Soon though Elloren will seek answers about what her people tell about their history and about the purity of their race. Forced to room with two Icarals, considered evil but one of them being such a gentle soul and having a Lupine as lab partner is…confronting.
That book series has many riveting ingredients and tropes!
-Great and relatable characters. Not only Elloren but her siblings and friends were multi layered characters, flawed and full of surprise but also very easy to relate with!
-Amazing character’s growth.
Elloren will have a powerful character’s growth in that story. From naïve and fresh to bitter and bigot going to having eyes wide open and standing against the oppressors, even if it was incredibly dangerous, even if it was her own people.
It takes courage to oppose your own people, to question what you’ve always been taught! This is a story about redemption, about changing your ways and your views while befriending people different from your race and beliefs. Friendship is a powerful tool to erase intolerance and bridge cultural gaps.
-Love and romance
Not only will Elloren have deep feelings for someone and a growing attraction for Lukas but her friends and siblings will also develop feelings. For a romance reader it’s heaven!
–Action and suspense.
I was literally riveted to my seat all along! Wondering if Elloren would have some power awakened. Wondering what Fallon would do to her. Wondering what would happen if Marcus Vogel came into power. Then fearing for all the other races. Crying when atrocities were committed. Raging at how unfair that world was. There was never a dull moment and the pacing was just perfect!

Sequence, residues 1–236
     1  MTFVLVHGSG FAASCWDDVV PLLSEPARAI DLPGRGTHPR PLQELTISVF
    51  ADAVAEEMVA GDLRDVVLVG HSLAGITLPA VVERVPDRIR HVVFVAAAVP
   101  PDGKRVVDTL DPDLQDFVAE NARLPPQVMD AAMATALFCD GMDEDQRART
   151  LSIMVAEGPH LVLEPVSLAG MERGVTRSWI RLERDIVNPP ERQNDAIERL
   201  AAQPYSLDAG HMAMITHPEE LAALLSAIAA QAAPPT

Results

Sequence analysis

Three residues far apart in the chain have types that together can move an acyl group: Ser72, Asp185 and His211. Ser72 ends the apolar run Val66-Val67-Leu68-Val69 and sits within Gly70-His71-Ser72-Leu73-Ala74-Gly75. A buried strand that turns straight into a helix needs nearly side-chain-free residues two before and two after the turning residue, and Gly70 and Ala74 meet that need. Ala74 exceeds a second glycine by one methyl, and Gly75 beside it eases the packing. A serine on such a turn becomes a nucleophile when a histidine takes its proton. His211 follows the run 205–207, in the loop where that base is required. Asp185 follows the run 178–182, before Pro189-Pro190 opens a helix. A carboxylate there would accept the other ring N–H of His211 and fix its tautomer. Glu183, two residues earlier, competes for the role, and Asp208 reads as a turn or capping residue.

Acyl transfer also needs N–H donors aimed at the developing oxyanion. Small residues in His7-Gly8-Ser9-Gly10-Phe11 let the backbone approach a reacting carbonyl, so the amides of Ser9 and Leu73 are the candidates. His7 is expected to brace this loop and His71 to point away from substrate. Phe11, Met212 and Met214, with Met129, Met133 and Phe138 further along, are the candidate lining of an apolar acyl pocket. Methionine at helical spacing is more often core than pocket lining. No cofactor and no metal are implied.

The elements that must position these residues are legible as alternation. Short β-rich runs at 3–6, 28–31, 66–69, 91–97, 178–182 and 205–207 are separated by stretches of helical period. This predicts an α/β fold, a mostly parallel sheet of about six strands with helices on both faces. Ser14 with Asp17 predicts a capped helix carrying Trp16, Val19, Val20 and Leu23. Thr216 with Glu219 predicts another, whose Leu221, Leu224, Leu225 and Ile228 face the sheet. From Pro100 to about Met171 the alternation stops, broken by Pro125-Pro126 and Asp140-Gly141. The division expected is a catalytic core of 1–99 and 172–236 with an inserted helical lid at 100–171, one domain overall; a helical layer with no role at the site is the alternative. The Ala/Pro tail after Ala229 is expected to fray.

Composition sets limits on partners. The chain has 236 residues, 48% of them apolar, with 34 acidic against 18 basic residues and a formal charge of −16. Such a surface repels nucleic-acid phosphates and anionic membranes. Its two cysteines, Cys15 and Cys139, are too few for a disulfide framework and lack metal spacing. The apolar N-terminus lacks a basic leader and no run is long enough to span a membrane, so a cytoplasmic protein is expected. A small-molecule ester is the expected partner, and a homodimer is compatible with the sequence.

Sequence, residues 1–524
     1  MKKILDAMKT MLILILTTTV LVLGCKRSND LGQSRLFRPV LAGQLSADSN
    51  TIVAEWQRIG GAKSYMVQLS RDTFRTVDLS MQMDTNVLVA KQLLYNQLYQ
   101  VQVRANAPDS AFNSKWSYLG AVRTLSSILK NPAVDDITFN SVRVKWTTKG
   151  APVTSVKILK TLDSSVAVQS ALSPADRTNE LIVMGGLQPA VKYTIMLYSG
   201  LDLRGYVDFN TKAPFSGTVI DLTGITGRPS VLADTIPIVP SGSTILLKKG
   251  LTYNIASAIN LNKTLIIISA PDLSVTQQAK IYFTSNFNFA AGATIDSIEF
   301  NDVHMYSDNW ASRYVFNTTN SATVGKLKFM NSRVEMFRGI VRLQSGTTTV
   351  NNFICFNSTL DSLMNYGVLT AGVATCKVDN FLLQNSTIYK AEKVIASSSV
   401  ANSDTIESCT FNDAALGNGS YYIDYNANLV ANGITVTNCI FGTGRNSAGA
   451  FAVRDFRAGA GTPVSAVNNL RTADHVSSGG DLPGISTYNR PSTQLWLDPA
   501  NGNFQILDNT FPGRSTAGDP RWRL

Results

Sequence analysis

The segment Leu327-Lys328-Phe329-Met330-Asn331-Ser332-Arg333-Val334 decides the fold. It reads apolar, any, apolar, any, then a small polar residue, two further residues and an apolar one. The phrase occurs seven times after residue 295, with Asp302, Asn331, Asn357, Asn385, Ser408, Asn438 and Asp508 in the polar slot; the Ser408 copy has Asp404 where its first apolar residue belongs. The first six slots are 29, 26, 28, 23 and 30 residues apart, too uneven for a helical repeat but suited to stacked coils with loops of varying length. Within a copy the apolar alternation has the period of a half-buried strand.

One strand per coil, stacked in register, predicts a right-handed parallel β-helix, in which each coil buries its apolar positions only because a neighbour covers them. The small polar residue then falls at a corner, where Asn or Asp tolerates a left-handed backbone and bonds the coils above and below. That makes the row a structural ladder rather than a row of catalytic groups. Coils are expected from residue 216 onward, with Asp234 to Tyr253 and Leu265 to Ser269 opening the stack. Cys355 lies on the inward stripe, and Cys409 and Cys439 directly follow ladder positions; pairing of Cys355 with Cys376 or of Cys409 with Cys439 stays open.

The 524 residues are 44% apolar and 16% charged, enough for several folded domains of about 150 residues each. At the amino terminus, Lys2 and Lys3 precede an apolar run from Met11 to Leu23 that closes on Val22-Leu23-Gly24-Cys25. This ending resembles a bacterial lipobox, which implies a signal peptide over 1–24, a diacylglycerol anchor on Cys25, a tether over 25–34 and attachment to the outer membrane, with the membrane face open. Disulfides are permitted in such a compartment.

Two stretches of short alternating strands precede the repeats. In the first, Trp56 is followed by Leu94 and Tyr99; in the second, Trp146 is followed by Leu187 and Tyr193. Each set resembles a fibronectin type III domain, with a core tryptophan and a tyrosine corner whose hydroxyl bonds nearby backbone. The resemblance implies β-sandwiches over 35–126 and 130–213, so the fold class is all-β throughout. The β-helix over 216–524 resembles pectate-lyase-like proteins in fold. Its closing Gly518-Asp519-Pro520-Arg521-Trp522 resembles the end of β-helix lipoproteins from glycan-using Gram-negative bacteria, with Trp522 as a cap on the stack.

-Diversity, racism and homophobia
Rarely have I seen a book so diverse as The Black Witch! The diversity in this book manifests in the many different races mingling at university, at the huge magical lore. I also couldn’t help but experience a strong relent of Nazism in the book. Marcus Vogel could be compared to Hitler with his ideas of race purity, race supremacy and later on, the numerous edicts enslaving other races or making it open season for torturing and killing non Gardnerians people or homosexuals among Gardnerians. Many scenes reminded me of the Shoah and I was in tears more than once at the atrocities made to these poor innocent people! I raged! I cried! I wanted to stop listening to the book as it became unbearable to witness these cruelties. But feeling such extreme emotions is also a testimony to Laurie Forest’s talent! She had me completely immersed in her story!
Because we still don’t know why Elloren can’t use her powers nor what the mysterious Yvan is exactly! Many questions still remain at the end of the book.
-Amazing world building
Laurie Forest took great care on building that world with its many races, religions and beliefs. Not only do we learn about Gardnerian traditions and history but about those of many other races too! I also loved the feel of the university that had me imagining something between medieval, Lord of the Rings and the Cruel Prince.
Honestly, I just have two words to say to you: read it!
Thanks for reading!